The beautiful thing about staring off into the skies is that you can do so from any continent. However, the best sites to stargaze share a few qualities in common: they feature low light pollution, they’re at a higher altitude, and they are framed by fascinating landforms that illuminate under a brilliant night sky.
We are lucky to live on a planet where so many places fit these criteria, so we recently asked our social community to weigh in with their favorite places to stargaze. Each of these sites will offer their own unique perspective of the night sky, from staggering views of the Milky Way in North America, to striking sights of the Southern Cross constellation in Australia amid a dreamy landscape. It’s impossible for us to pick a favorite, perhaps you’ll just have to visit them all and decide for yourself.
Arches National Park, Utah
As a photographer, I’ve seen the sky glitter around the world including Tasmania, Australia, where I live. But, Arches National Park was hands down the best place for stargazing as you see the stars with unique and natural rock formations (arches) perfectly framing stars. That adds a whole new layer of visual interest in the spectacle of stargazing. – Nipun Nayyar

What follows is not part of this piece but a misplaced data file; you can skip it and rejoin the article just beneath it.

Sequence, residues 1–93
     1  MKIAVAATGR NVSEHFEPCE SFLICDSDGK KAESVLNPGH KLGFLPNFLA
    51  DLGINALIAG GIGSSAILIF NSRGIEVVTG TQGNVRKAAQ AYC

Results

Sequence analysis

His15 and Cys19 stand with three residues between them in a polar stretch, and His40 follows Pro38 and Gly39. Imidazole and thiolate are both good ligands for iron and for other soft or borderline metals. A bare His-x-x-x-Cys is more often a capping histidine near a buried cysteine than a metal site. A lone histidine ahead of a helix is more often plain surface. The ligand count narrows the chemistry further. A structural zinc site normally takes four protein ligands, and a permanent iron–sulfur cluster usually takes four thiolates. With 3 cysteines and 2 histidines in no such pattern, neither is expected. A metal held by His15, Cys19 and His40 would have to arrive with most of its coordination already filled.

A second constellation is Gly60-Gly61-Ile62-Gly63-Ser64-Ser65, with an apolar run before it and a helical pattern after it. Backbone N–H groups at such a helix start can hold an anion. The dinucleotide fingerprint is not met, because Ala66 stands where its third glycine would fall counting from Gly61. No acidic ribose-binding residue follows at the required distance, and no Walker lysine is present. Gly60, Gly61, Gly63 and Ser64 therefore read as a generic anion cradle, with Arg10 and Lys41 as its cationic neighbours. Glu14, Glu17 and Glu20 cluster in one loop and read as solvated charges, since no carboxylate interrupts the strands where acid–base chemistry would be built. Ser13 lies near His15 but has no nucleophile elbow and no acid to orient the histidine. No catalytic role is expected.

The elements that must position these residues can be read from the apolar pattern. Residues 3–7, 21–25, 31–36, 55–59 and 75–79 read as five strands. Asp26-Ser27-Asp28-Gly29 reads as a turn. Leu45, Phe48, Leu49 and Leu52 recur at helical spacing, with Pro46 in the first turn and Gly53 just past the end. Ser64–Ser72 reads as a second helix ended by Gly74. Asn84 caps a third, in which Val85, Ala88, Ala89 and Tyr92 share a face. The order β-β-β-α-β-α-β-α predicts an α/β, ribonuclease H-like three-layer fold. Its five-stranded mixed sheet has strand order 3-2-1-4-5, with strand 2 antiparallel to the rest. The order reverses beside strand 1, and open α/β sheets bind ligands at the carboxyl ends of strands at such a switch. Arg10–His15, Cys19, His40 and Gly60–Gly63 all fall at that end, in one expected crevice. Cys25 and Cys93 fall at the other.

They do an incredible dinner under the stars with an astronomer who gives you information about the night skies after dinner. Plus, it is where my husband proposed to me. So, it holds a special place in my heart. – Bente Humphrey
Cresta de Gallo Island, Philippines
No electricity, no cellphone signal…There I felt like the Earth was covered in a pitch black blanket and someone poked holes all over. The stars, man. I've never felt so tiny and so free at the same time. I was literally looking out into the universe. No clouds or sunlight in the way, just looking out into what's outside. For a minute, I felt like I'd fall off the Earth and float off into the universe. – Jaya Shrii Daguman
Out on the ranch, with no electricity, far away from civilization. The Southern Cross is magnificent; the frogs singing to the night was the only sound ... ah! Now I'm really nostalgic. – Patricia Barbero
No light pollution and the Milky Way and southern cross are fabulous. – Kathryn Stewart
In the middle of winter, during the civil polar night from the 14th of November till the 29th of January. With the sun well below 6°C of the horizon, the world turns completely black and sky comes alive with stars. The amount of satellites you can see on a clear night is astonishing, 100 per hour wouldn't surprise me. Occasionally auroras will add to the beauty. A short drive just past the seed vault will land you on a little mountain side, away from the light pollution of the town. highly recommendable spot for stargazing and ice cream eating. Just remember the big coats. – Tim Hoff-Lund
- Nat Geo Expeditions